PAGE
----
I have excerpted my latest JREF article below. It is about the questions that you should ask yourself when judging the credibility of a scientific study. These questions will start you on a path of navigating an often confusing sea of literature.
What is a Good Study? Questions You Can Ask
In becoming a science-based person, I can imagine a process that involves three tiers. First, you decide that you are going to get your information from reputable sources like scientific journals and then decide that any other claims that you find should have a similar backing. Second, pushing past the veneer of scientific legitimacy, you decide to look into the claims for yourself. This involves not only getting your information from sources based on scientific journal articles, for example, but also going through the study yourself to determine whether it is a “good” study. Lastly, after having navigated scientific sources for some time, you are able to evaluate claims base on methodologies and procedures that you would expect the offered evidence to have if it were indeed credible. Because most of us are not scientists and find it hard to invest in the education it would require to reside comfortably in the third tier, I will try to offer some help with the second.
If you ever would consider a career as a science writer or science journalist, there are a few basic techniques that you must master or at least become proficient at. Among them are learning statistics and how to interpret them, interviewing scientists to get the best information, and how to translate sometimes complex and technical scientific information into something that the lay audience can digest. Another fundamental skill that you must wield effectively is being able to confidently answer the question, “What is a good study?” To this end, what follows are some basic questions that you should ask yourself when trying to determine the validity of a scientific study. You would find these kinds of questions in any introductory level science-writing textbook, and they will become a valuable tool in your skeptical arsenal.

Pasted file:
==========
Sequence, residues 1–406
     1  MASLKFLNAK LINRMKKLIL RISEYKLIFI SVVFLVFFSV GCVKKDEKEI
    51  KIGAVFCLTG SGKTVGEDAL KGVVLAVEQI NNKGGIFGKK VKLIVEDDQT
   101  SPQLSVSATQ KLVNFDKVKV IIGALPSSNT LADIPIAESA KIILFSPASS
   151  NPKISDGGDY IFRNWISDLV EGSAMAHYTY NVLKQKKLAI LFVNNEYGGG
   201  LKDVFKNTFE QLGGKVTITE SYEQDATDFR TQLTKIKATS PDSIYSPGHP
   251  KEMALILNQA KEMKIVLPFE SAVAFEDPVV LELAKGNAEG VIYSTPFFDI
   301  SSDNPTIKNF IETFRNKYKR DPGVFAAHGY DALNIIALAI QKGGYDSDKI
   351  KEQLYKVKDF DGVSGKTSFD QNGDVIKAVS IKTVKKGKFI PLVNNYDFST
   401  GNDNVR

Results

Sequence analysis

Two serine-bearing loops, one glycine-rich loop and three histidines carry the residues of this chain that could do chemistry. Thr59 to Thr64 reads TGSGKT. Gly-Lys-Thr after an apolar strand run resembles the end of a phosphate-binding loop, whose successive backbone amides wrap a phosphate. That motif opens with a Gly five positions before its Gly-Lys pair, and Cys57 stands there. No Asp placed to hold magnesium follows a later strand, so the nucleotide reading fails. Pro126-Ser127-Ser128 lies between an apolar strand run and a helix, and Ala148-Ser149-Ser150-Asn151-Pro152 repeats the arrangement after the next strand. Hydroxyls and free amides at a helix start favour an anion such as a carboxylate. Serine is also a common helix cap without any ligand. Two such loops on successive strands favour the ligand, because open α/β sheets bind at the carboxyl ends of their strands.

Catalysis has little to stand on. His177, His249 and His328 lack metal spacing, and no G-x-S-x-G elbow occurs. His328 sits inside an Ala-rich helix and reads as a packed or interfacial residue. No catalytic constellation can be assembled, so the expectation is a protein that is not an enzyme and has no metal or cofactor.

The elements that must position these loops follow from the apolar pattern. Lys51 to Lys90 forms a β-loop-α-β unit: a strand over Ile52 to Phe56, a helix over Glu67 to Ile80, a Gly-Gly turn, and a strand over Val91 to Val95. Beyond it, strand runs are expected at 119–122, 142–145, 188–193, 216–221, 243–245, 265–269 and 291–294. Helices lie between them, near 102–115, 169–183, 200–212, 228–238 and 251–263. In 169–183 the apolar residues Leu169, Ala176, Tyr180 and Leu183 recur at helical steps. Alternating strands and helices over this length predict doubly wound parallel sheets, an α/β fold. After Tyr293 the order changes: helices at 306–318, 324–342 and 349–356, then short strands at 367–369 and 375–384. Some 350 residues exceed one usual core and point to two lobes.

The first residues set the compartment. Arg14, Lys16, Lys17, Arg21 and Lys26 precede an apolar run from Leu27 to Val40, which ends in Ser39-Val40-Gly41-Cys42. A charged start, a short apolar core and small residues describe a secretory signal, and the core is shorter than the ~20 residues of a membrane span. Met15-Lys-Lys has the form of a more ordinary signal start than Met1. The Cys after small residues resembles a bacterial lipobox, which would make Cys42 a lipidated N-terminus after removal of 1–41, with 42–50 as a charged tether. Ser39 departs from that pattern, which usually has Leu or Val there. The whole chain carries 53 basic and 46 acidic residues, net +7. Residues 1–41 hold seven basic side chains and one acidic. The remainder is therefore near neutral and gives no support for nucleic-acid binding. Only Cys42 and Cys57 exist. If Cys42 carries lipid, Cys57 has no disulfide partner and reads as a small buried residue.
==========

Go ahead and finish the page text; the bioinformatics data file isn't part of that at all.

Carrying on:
Keep in mind that when you are evaluating a study, the more of these questions that you can have answered, the better off you are. However, if you find yourself questioning every single procedure, method, and ethical choice in a study, this may be a red flag in itself. As a properly skeptical consumer of scientific information, a good place to start at is what is called the null hypothesis. That is to say, assume that a new medical treatment or physics experiment won’t work. Without being downright cynical, greet every claim with this assumption. Your new motto when faced with a claim in a study or elsewhere should be “show me.”
Is the study large enough to pass statistical muster?
Numbers are very important in this regard. For example, the number of patients that a study includes in a clinical trial says a lot about that trial’s “power,” or relative generalizeability (does the study include enough patients to distinguish between treatments?, etc.). Taking a more basic approach, if you were to read in a study that “the majority of US citizens now reject the theory of evolution,” you should find out how many people were in the study. The statistics turn out that if you have less than around 1,024 people for a nationwide study, the margin or error exponentially increases beyond three percent. In study that reports a 49/51 split, this could render the claim worthless.
The other side of this question is to determine if the findings of a study are statistically significant, meaning that there is only an acceptably small chance that the findings were due to random chance alone. The value that is typically used in scientific research is p=0.05. This “p-value” means that the probability that chance alone will produce the findings in a study is only 1 in 20. This is because we must assume the null hypothesis is true, and then assess the probability of some outcome given this assumption. (If this seems to low, it should be noted that many fields in science have much more rigorous standards. Physicists use p-values of p=0.001 to validate their findings. Still, even with the less rigorous standards, most scientific papers are made to be replicated, eliminating chance occurrences even further.) When evaluating a study, pay close attention to this value. As a general rule, any correlation that has a p-value of greater than 0.05 (p>0.05) should not be taken as evidence for anything.
You can find my other JREF articles here.